Yes. I think it depends on who you ask. We have different customers on different sides of the border, obviously, different products, even on softwood. I would say that a couple of customers probably seen inventories come down as we entered into the end of the year. But I would say there is sufficient supply in New Brunswick. We are seeing some opportunities in Maine for softwood obviously, which you have seen in our Q4 results and we would expect continued demand in Maine.

Paul Quinn

Okay. And then – and just lastly, I am really curious on your carbon – your carbon plan here. So, maybe you could give us some specifics of how this is working and what you are selling into the market?

Adam Sheparski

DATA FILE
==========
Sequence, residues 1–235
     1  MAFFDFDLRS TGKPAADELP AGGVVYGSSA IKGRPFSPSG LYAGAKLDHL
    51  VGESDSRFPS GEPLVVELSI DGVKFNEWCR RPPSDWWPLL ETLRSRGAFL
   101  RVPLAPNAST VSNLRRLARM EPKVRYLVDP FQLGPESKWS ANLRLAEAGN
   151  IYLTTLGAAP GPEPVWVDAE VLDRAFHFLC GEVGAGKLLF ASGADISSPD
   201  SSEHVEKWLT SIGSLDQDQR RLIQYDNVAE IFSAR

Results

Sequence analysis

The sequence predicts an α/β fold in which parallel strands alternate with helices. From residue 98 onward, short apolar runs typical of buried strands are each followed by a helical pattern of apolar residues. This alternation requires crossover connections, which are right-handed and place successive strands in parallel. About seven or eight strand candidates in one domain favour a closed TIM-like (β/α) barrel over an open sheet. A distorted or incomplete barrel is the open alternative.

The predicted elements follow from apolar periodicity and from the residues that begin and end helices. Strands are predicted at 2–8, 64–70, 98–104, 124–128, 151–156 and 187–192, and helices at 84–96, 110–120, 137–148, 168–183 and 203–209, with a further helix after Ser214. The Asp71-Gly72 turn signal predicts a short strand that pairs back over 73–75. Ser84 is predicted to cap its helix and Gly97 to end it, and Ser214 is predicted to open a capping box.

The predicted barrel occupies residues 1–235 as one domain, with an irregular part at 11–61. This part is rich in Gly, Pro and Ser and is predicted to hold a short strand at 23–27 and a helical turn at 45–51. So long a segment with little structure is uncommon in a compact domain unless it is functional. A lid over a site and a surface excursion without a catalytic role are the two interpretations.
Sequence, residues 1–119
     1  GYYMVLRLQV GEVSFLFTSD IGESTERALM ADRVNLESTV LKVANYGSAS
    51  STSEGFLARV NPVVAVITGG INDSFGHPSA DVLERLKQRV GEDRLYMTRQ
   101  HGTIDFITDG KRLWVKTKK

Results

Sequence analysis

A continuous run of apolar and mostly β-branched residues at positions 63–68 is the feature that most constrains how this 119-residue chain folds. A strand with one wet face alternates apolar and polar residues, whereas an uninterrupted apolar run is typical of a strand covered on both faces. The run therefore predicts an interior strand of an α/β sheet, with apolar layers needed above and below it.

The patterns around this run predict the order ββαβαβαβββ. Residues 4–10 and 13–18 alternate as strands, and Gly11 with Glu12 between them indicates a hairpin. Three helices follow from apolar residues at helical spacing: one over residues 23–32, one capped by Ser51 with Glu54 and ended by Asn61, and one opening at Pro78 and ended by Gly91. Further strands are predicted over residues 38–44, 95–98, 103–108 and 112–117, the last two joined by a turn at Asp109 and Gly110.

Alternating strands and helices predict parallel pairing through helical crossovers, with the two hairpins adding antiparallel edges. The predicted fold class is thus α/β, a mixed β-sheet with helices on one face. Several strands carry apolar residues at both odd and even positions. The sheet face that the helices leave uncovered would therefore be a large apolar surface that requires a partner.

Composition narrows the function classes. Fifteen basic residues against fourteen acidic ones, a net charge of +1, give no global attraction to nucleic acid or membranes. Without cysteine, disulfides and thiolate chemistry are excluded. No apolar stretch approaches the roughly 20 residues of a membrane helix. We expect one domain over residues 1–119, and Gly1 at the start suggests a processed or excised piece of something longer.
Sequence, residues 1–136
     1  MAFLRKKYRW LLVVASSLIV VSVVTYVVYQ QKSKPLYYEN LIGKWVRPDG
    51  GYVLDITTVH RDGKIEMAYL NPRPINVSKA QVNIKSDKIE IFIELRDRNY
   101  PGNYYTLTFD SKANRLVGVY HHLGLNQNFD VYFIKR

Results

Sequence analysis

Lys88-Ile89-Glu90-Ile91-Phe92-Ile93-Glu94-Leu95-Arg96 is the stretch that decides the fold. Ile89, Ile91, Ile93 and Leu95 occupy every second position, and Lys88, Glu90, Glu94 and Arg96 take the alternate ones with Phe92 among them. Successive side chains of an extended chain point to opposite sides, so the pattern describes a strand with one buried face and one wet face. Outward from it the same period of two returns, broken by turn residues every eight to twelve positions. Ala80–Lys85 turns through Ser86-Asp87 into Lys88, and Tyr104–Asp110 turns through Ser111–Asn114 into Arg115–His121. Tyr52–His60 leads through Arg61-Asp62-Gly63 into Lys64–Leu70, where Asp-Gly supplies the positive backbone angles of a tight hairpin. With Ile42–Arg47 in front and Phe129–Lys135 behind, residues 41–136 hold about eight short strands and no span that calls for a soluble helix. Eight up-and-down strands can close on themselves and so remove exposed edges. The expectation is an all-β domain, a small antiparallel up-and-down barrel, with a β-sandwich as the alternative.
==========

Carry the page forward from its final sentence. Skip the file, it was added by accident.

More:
So, not showing anything yet, but with the agreement in place this year, we are currently in the process or finalizing inventory amount, which – and beginning to start to calculate what carbon credits will be available to us for sale. As we previously disclosed, we are expecting to probably start selling those credits mid to late-2022. The timeline has not changed. It’s still on track. And then again, that’s on just the east portion in Maine, which is about 190,000 acres. We haven’t really spent a lot of time working on the other pieces of our property. I could say we spent a lot of time thinking about it, but we are taking 2022 to really understand the carbon market, the process, and how it evolves. And specifically as it relates to New Brunswick, we are going to take those learnings in Maine. We are going to wait to see what the compliance market in Canada looks like. And we expect that to happen in 2023 and 2024. So, I would say 2022 is the year of understanding the process, understanding Maine, start to receive some revenue associated with the carbon credits in Maine and then 2023, if we choose to move forward with future projects done, that’s probably one [indiscernible].